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Strategic Beta: Investment Fad or Opportunity?

Ben Johnson, CFA
Jeremy Glaser

Note: This video is part of Morningstar's April 2015 Active, Passive, and In-Between special report.

Jeremy Glaser: For Morningstar, I'm Jeremy Glaser. I am here today with Ben Johnson--he is our global director of ETF research--to take a look at the state of strategic beta exchange-traded products.

Ben, thanks for joining me.

Ben Johnson: Glad to be here, Jeremy.

Glaser: Let's start by just looking at the growth of these so-called strategic beta products over the last couple of years. What are these things and why have they become so popular?

Johnson: Strategic beta, or so-called "smart beta," represents a hybrid of active and passive. It sits in this middle ground between active and passive. Like active funds, strategic beta exchange-traded products and mutual funds track indexes that have an active bet embedded in them from the moment that their methodology is locked in. Now, like their passive parent, strategic beta benchmarks are transparent. They are investable in a rules-based manner, and they are investable at a very low cost. So, it's this combination of active and passive where we find strategic beta.

Glaser: And this has been gaining traction recently?

Johnson: Absolutely. So, if you look at the U.S. marketplace as it stands today, there is in excess of $400 billion invested collectively in exchange-traded products that we define as fitting into the strategic beta bucket. That figure has been growing at about a 20% compounded rate for a number of years now, and what we see is that it has accounted for a disproportionately large percentage of net new flows into exchange-traded products. We've seen a lot of product development in this space as well. It has grown to the point where, today, it accounts for about a fifth of the overall U.S. exchange-traded products pie.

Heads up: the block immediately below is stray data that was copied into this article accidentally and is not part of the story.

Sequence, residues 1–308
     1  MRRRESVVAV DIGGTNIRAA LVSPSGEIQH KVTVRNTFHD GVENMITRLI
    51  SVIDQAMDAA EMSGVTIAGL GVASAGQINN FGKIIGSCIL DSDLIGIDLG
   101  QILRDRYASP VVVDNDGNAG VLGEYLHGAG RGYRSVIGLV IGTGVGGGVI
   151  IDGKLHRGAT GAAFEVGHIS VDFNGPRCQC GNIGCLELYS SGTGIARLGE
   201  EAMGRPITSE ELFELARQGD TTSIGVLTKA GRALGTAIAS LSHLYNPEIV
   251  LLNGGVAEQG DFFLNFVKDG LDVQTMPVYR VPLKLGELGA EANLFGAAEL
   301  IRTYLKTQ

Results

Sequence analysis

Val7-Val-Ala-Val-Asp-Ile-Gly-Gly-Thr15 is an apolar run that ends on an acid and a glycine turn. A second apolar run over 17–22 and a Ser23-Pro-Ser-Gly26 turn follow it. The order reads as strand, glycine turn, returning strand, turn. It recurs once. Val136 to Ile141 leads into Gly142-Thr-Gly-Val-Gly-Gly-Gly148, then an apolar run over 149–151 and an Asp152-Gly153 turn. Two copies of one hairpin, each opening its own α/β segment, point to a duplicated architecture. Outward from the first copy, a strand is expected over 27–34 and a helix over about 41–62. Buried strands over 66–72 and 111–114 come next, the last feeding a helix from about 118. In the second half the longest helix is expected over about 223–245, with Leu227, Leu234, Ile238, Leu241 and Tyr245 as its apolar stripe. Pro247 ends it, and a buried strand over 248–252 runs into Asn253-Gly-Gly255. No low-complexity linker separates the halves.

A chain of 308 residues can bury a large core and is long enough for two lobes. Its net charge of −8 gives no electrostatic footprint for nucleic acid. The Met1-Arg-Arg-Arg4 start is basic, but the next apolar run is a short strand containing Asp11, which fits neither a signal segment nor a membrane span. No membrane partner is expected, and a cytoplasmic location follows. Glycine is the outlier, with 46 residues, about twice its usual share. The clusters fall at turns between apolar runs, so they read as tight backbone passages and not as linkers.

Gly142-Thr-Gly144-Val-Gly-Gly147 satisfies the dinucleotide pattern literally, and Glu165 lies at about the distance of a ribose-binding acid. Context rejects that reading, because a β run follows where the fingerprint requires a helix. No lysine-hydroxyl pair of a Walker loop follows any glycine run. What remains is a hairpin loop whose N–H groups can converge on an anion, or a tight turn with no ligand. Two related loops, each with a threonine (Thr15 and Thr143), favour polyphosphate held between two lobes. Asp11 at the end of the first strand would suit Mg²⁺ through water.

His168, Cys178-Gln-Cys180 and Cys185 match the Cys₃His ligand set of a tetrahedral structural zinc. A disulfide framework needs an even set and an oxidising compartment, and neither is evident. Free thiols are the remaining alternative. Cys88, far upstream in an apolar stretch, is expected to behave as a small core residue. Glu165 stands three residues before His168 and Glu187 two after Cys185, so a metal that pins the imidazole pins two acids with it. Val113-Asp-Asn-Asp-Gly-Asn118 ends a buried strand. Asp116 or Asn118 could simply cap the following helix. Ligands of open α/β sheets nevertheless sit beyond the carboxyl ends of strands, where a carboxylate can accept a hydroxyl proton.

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Glaser: What kind of investors should be looking at these kinds of products? How does it fit into a portfolio?

Johnson: Well, the fit really depends on the investor, and it depends on the use case. What we see is investors of all stripes are using these products in a variety of different ways. If we break it down and we look at it more granularly, at the different subcategories of what we've referred to in very broad terms as strategic beta, what we see is that, globally, the largest subsegment is equity-income-oriented [exchange-traded products]. These are exchange-traded products or exchange-traded funds that track some sort of dividend-focused index. And what that tells us is that, in a yield-starved environment, investors are using these broadly available, very transparent, very efficient, very low-cost tools to juice the yield in their equity portfolios. And that applies, in the U.S., chiefly to advisers and individuals.